American fire as of 8-25-13 from ESRI online. With increased containment of the fire, additional fire crews have begun work repairing areas affected by fire fighting activities. This has included chipping material piled next to roads during fire line construction as well as identifying needs to construct water control devices along fire lines throughout the fire area.

Forest visitors are asked to adhere to area and road closures. These closures are in place to protect visitors and fire fighters. The roads and areas that have been closed are unsafe due to fire-weakened, burned trees that pose a risk of falling, as well as frequently heavy smoke making visibility extremely poor. These areas and roads will be re-opened as soon as possible.

Some resources:

We will keep you posted.

For more on the SNAMP project see: http://snamp.cnr.berkeley.edu/

This was originally posted on http://kellylab.berkeley.edu/.

 

Posted on Monday, August 26, 2013 at 3:40 AM
Tags: fire (13), snamp (9)

Update on the American fire

>

As of 8-22-13 - American fire moves into treatment area.Fire Status from Incident Report: Crews continued to mop up on the west and north sides ofthe fire to prevent any fire from potential hotspots from crossing established containment lines. This area will be patrolled by airresources today. Last night fire crews continued to hold and improvecontainment lines on the north-east and east sides of the fire. Aggressive fire suppression efforts have stopped fire movement southto south-west along the North Fork of the Middle Fork of the AmericanRiver. Efforts to contain the fire along the more difficult steep andhazardous terrain on the south and south-east perimeters has been verysuccessful and that area will now be patrolled for hotspots. Strongwinds produced hotspots outside the line on the north-east corneryesterday. Infra-red equipment detected these and were quicklyextinguished by crews. Crews will begin repairing areas damaged by firefighting activity. The fire is established in Antoine, Manilla and Scewrauger Canyons andbelow the Barny Cavanah Ridge. Consumption of heavy fuels willcontinue to contribute to smoke in surrounding areas.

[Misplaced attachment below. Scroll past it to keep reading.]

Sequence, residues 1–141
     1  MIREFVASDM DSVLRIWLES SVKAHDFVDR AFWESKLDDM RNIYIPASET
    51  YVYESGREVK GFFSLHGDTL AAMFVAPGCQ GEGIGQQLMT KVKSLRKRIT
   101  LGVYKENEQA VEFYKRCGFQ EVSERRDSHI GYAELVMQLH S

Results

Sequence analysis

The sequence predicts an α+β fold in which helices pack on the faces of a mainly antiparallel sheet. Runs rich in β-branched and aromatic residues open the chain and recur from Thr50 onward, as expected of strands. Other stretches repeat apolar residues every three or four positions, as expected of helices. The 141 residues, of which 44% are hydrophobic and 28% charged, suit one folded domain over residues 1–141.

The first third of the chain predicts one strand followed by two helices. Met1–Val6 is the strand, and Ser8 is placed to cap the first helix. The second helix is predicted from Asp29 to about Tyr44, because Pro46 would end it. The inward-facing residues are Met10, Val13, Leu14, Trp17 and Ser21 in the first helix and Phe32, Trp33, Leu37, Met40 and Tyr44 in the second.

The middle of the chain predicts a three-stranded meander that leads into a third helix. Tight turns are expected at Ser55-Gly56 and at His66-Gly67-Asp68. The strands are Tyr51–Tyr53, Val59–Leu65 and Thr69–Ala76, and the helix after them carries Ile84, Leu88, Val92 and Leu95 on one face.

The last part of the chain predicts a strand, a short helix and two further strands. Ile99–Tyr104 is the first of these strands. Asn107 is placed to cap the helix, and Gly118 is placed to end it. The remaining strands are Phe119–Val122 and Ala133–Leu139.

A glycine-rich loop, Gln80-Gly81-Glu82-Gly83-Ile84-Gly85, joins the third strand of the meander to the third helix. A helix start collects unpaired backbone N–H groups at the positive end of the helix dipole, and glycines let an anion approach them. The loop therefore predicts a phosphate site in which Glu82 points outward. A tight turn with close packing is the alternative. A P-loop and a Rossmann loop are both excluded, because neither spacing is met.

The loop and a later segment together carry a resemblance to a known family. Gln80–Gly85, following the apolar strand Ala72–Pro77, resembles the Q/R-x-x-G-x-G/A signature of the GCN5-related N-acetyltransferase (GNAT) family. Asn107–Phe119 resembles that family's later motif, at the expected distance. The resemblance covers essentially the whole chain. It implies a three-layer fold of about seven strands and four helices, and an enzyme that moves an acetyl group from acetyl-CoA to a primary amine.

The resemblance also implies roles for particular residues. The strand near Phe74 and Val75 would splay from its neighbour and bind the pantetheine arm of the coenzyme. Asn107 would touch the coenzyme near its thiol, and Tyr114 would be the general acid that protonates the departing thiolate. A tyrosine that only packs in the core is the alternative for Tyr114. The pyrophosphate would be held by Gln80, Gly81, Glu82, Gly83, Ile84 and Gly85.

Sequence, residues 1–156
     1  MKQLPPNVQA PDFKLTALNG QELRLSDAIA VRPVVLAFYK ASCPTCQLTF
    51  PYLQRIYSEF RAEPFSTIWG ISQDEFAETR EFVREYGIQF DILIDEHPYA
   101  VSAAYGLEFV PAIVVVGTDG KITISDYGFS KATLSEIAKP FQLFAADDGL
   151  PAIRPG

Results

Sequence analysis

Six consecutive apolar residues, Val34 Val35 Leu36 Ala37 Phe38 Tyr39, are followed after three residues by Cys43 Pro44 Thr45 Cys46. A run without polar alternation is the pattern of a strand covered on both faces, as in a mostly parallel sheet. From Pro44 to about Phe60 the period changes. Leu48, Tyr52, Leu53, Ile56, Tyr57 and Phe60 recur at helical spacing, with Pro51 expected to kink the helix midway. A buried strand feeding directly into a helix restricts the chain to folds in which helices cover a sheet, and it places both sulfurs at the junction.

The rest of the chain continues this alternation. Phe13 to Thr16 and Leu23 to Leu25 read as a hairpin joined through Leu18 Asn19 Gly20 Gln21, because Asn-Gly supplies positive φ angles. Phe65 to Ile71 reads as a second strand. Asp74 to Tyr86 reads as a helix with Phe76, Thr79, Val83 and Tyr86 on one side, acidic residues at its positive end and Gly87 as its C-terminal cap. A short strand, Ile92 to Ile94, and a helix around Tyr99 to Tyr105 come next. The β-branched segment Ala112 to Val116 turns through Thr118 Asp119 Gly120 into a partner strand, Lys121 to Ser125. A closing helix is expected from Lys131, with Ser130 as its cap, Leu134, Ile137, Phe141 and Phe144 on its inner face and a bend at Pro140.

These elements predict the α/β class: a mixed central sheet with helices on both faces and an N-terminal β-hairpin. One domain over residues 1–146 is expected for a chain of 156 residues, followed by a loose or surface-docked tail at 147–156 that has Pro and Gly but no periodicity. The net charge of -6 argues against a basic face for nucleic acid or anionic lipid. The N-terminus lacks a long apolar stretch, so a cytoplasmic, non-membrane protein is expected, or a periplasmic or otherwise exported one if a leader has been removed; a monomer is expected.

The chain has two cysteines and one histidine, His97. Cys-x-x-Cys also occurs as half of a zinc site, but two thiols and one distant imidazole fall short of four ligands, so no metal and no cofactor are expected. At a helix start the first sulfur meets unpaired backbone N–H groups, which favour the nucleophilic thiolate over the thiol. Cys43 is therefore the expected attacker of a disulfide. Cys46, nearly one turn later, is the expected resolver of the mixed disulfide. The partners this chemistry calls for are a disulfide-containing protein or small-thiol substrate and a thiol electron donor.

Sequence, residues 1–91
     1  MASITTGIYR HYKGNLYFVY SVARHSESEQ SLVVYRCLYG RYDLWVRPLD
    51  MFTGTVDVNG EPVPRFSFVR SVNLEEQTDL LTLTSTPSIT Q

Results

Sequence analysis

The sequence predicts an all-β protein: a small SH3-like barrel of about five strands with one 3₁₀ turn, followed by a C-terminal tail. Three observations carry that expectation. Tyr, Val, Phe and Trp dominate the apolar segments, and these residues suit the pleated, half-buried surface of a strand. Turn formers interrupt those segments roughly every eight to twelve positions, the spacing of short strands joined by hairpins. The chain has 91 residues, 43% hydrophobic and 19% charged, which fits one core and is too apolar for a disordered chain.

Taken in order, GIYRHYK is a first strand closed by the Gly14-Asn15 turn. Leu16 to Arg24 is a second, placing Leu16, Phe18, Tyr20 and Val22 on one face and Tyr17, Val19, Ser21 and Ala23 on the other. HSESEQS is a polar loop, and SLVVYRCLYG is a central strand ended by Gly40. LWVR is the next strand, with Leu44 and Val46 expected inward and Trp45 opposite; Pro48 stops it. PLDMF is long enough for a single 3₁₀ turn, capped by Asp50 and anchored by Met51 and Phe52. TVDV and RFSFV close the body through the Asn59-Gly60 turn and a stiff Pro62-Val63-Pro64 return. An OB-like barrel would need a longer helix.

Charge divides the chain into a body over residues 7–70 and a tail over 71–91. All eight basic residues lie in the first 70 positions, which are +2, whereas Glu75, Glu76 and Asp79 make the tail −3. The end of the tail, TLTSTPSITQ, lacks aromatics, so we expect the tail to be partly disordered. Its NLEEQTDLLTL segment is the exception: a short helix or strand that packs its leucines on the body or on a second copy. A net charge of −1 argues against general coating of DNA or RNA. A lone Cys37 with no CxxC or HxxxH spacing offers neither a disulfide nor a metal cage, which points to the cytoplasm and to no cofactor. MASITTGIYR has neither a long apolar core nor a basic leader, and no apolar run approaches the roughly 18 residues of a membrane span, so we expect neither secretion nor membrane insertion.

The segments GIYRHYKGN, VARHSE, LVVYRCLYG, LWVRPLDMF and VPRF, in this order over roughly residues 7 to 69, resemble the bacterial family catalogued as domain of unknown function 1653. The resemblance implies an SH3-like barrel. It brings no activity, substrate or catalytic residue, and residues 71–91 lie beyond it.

Some resources:

We will keep you posted.

For more on the SNAMP project see: http://snamp.cnr.berkeley.edu/

This was originally posted on http://kellylab.berkeley.edu/.

 

Attached Files
image 17806
Posted on Friday, August 23, 2013 at 4:28 PM
Tags: fire (13), snamp (9)

American fire burns near SNAMP sites

>

The American fire is burning into our SNAMP study areas as of yesterday. Here is a snapshot of our study site and the fire perimeter (red) as of yesterday. SNAMP control (yellow) and treatment (purple) watersheds are shown.

The American Fire burning in heavy fuels on extreme slopes about 10 air miles northeast of the community of Foresthill, California, and eight air miles south of Interstate 80 has grown to 14,765 acres.

Some resources:

Incident Report: http://www.inciweb.org/incident/3624/

We will keep you posted.

For more on the SNAMP project see: http://snamp.cnr.berkeley.edu/

This was originally posted on http://kellylab.berkeley.edu/.

Attached Files
image 17728
Posted on Tuesday, August 20, 2013 at 5:53 PM
Tags: fire (13), remote sensing (38), snamp (9)

First storyPrevious 5 stories  |  Next 5 stories | Last story

 
E-mail
 
Webmaster Email: stfeirer@ucanr.edu